Thomas Edsall presents some interesting polling results in his NYT column indicating less public support for government policies to redistribute income even as the distribution of income is becoming increasingly unequal. He argues that this presents a paradox for Democrats who are concerned about inequality.

Actually the situation is less paradoxical when we consider the possibility that government policies are largely responsible for growing inequality. This is most obvious is with the bailout of the financial industry in 2008. Without the help of the TARP and the Fed, Goldman Sachs, Citigroup, Morgan Stanley, and most of the other Wall Street behemoths would be out of business. This would have drastically reduced the wealth and income of many of the richest people in the country.

The government has also redistributed income upward by supporting an over-valued dollar that has eliminated millions of manufacturing jobs and put downward pressure on the wages of non-college educated workers more generally. In addition, a Federal Reserve Board policy that raises interest rates to keep people from getting jobs any time the labor market gets tight enough to support wage growth has also had the effect of reducing the wages of most workers.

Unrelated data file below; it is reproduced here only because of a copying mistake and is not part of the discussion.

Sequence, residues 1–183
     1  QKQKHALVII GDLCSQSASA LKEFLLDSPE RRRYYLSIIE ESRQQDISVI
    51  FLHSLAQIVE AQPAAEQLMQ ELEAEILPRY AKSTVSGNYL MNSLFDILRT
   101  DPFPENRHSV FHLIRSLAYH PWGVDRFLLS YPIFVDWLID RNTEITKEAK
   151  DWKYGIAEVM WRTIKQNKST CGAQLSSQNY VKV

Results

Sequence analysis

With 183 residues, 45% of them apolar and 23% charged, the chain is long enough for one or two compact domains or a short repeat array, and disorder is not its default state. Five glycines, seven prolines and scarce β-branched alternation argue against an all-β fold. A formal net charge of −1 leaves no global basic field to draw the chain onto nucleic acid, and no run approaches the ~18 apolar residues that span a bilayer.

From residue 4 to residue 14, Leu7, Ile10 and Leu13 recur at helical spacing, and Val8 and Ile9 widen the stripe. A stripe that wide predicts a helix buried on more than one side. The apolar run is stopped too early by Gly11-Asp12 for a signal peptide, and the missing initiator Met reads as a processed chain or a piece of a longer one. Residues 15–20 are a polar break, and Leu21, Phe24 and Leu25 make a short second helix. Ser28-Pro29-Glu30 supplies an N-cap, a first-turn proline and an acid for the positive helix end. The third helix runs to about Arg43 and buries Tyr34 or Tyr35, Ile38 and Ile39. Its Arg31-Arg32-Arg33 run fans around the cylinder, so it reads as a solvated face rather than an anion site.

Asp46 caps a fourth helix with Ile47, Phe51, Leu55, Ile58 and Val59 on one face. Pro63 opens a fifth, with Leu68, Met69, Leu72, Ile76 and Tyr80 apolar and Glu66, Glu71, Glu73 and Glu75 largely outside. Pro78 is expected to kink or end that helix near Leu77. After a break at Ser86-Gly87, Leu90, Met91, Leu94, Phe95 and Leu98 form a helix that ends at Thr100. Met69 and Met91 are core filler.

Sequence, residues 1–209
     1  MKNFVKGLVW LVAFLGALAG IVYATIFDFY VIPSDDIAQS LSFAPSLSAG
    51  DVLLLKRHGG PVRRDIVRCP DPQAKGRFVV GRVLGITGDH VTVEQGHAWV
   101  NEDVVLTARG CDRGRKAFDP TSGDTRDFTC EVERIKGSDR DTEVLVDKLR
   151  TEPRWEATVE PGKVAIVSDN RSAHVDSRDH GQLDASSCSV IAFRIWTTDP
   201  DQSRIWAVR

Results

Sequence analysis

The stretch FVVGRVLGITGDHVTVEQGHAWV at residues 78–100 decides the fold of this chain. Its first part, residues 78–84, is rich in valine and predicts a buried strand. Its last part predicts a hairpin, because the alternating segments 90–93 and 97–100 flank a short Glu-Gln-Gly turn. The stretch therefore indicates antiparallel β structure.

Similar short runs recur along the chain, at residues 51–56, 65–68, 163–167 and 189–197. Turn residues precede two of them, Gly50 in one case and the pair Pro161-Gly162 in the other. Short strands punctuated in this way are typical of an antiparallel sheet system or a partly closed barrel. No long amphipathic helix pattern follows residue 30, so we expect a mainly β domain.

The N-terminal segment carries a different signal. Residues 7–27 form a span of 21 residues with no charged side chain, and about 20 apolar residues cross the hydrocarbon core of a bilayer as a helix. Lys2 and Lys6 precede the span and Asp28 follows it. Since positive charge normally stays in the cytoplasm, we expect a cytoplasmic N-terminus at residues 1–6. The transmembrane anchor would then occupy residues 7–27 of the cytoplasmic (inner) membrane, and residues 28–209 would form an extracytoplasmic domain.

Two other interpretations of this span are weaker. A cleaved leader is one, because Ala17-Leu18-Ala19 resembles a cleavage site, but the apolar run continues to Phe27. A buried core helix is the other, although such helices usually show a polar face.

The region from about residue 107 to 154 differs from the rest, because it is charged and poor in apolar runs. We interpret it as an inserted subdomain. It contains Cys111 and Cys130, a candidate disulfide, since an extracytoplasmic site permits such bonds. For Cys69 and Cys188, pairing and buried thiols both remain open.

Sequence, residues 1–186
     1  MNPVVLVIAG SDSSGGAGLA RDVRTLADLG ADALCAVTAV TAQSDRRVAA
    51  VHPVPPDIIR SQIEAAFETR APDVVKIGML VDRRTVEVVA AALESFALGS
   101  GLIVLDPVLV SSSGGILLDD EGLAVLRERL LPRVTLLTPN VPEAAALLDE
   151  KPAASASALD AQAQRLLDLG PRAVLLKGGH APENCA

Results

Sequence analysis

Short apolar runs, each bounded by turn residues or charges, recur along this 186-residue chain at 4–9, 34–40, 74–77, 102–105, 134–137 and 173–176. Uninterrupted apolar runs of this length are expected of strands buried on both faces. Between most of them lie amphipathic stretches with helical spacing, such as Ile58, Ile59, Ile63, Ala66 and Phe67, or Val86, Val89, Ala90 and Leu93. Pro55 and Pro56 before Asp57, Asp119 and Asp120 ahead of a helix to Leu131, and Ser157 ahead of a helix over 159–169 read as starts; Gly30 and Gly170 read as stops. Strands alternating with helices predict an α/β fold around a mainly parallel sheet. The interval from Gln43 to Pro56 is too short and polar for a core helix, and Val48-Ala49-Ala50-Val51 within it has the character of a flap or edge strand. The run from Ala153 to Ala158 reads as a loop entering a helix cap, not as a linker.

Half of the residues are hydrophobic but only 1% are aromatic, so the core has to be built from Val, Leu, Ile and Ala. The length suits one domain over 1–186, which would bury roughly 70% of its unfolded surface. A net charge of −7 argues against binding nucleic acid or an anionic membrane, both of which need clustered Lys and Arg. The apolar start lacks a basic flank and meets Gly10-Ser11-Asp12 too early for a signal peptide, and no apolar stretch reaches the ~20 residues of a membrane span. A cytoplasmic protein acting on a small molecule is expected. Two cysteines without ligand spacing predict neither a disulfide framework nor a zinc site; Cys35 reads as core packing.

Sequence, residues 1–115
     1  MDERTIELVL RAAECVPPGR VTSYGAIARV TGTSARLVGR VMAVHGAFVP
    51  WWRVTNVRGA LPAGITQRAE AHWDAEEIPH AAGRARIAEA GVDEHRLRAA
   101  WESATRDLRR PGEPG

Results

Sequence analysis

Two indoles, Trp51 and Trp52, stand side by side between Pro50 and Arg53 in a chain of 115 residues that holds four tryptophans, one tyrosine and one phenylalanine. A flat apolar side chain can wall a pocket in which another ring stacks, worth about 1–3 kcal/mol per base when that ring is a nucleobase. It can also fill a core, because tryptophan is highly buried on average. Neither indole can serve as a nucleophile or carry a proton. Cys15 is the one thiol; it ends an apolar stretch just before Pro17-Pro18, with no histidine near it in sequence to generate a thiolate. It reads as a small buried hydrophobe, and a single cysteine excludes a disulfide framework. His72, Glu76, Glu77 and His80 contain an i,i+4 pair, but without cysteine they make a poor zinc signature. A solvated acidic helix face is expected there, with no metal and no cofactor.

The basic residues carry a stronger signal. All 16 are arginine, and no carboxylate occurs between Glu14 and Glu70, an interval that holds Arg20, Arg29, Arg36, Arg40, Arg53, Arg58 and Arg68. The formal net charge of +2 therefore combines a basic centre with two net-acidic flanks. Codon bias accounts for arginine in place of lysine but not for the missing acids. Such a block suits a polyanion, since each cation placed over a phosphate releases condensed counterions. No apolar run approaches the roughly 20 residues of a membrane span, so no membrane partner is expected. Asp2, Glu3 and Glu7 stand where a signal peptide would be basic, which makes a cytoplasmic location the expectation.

Also our trade policy of selective protectionism, which exposes manufacturing workers to competition with the lowest paid workers in the world, while largely protecting doctors, lawyers, and other highly paid professionals (who comprise much of the one percent), has the effect of redistributing income upward. Similarly, our policy of patent protection redistributes hundreds of billions of dollars a year from ordinary workers to drug companies and other beneficiaries of these government-granted monopolies.

In these areas and others the government has acted to redistribute income upward. A politician who wanted to reduce inequality could focus on having less government action in these areas. That would be consistent with the polls cited by Edsall indicating that the public wanted a smaller role for the government.